Lack of windows means no sunlight or ventilation, which results in a damp room leading to germs and diseases. For an outsider, it becomes unbearable to stand in a mess room as one needs time to get used to the darkness, less oxygen with a bad odour to breathe and the sticky floor. It’s hard to understand how these people live in such conditions after working for long hours in the factory, which makes it obvious that they are desperate to save money. They don’t have the luxury to think about the toll this lifestyle takes on their body. In spite of spending a lot of money on health every year, they don’t consider living in better human settlements so that their health doesn’t suffer.
The current generation of migrants who come with no acquaintance around, prefer to stay in mess rooms initially. They then make friends and shift to shared rooms in a bunch of 3 or 4. The number of first-generation migrants is decreasing, but that of young migrants is on an all-time high. The shared room has a water supply and a provision to take a bath. About 6–8 rooms have a common toilet. The young generation prefers this kind of accommodation where a group of 3–4 friends pay ₹2000 for a room and cook their own food. Often, the room owners have their own shop on the ground floor, and they force their tenants to buy ration from there, on higher rates.
After a few years of work, these workers get promoted. They continue to work on power-loom machines with added responsibilities and a higher salary. Some of them can then afford to think of bringing their families to Surat. They look for societies to reside, and once they find a suitable rented room, they leave their old pack and move in with their families. People back in shared rooms, who do not wish to bring their families often do not get any roommates. Hence, their share of expenses increases, resulting in them going back to a mess room.
For a few migrants, the quality of living gets better with time while for others, as they earn more money and send more back to their families in villages, to maintain the same amount of expenses as before, they happen to go back to living in worse conditions.
Once the families settle in a society, the women also earn money by doing dhaga cutting which means to remove the uncut threads from a designer sari or a churidar after embroidery has been done. Additionally, they take care of children and household activities. As a husband brings a fresh lot of 150 saris or churidars every day, on his cycle or motorbike, the rest of the family helps in bringing another ₹3000-4000 per month which they mainly use for children’s education.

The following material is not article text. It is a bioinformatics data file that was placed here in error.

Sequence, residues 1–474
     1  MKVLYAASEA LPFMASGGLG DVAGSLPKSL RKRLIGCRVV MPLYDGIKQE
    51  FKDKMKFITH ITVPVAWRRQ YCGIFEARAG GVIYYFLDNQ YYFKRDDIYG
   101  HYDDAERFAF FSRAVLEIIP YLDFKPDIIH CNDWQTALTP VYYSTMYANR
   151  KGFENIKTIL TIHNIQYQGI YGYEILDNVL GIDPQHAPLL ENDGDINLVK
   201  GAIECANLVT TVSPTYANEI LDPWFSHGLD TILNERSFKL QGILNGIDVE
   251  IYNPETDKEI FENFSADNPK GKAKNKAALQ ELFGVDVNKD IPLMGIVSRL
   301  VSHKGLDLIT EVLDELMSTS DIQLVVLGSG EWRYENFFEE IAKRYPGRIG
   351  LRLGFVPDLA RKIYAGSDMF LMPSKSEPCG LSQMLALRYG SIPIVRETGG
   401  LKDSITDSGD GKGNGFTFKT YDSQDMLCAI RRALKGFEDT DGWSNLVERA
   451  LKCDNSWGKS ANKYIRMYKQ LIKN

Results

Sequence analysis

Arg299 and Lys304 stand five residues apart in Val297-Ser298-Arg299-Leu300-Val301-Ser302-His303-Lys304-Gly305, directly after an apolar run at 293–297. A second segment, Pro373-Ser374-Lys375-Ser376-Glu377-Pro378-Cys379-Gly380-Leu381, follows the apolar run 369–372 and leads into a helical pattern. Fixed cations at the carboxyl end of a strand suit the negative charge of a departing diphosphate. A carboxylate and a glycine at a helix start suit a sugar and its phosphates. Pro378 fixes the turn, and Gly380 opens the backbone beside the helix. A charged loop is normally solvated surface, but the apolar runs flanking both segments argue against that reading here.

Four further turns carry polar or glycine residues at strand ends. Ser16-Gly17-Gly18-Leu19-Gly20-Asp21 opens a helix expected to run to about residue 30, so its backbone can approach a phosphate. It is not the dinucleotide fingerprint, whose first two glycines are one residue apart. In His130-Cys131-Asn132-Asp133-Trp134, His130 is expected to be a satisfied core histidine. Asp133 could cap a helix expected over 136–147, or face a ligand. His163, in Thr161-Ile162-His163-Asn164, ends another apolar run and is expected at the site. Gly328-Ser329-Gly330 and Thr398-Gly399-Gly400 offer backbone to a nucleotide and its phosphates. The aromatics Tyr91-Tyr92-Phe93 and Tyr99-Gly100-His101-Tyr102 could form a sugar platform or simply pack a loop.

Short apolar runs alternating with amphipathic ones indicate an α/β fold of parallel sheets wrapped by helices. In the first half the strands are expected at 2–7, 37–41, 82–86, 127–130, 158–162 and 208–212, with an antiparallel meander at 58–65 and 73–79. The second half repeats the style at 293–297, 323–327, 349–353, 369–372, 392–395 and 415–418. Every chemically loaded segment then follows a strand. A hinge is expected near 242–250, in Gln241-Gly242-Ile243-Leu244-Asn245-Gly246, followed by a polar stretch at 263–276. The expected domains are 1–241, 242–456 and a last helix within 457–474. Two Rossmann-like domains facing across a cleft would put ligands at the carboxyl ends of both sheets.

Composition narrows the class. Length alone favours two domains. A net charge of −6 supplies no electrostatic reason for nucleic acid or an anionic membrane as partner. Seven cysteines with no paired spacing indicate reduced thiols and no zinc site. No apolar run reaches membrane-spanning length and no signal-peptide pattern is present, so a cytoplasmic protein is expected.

Apart from the textile industry, these migrants work as vendors, hawkers and as workers in shops. Most migrants from Uttar Pradesh, Bihar, Madhya Pradesh, Rajasthan and Odisha do not have plans to settle down in Gujarat. Hence, they do not intend to buy their own house here and instead, continue to pay rent until they go back to their villages. They dream of earning a sufficient amount of money and returning as early as possible. Meanwhile, due to huge expenses on weddings, healthcare and other emergencies, they take loans through informal channels. To pay it back, they have to work for extended years and eventually, get stuck in the process.
Most of the migrants from Telangana are found in Limbayat region of Surat. They brought their families to Surat, generation after generation, and have managed to buy homes by taking loans. In place of rent, they paid installments and have even built a community center. Every year, they choose leaders among themselves, who take care of their religious practices and well-being of people. This community has built a Telugu medium school, a temple and a market place. The second generation who grew up in Surat is literate and works in formal as well as informal sectors. One can find some of them in a power-loom factory. The first generation workers have mostly retired and are now selling their houses at good prices to go back to their villages.
Construction sector contributes a major part to a city’s growth. Migrants from different villages of the neighboring states of Rajasthan and Madhya Pradesh form the majority of the construction sector here. They come with their families and can be seen in major market places in the morning, from where they’re chosen by contractors to work on sites. Usually, both the man and the woman work while their children stay around. They typically do not rent any house and rather, stay close to other families who have migrated with them from their village. In their own community, they look for open spaces to build their makeshift homes. Often, they are asked to leave and as a result, keep shifting from one place to another. A lot of them have agriculture lands in their villages, and they take breaks to go back for irrigation, as per the cropping season.
All these migrants who come to work from different parts of India to work in informal sectors in Surat, come with a dream to earn enough money as soon as possible and then go back. But, they get stuck in different challenges such as finding regular work, a dignified place to live, a hygienic and healthy lifestyle to lead, exploitation at work, staying sane and dealing with mental pressure.
About the author: Sayeed Mohammad is an India Fellow from 2019 cohort, placed with Aajeevika Bureau in Surat, Gujarat as a part of his fellowship. He is working to build the capacity of the local team, and taking part in research and documentation activities to improve the efficiency of initiatives with migrant labor.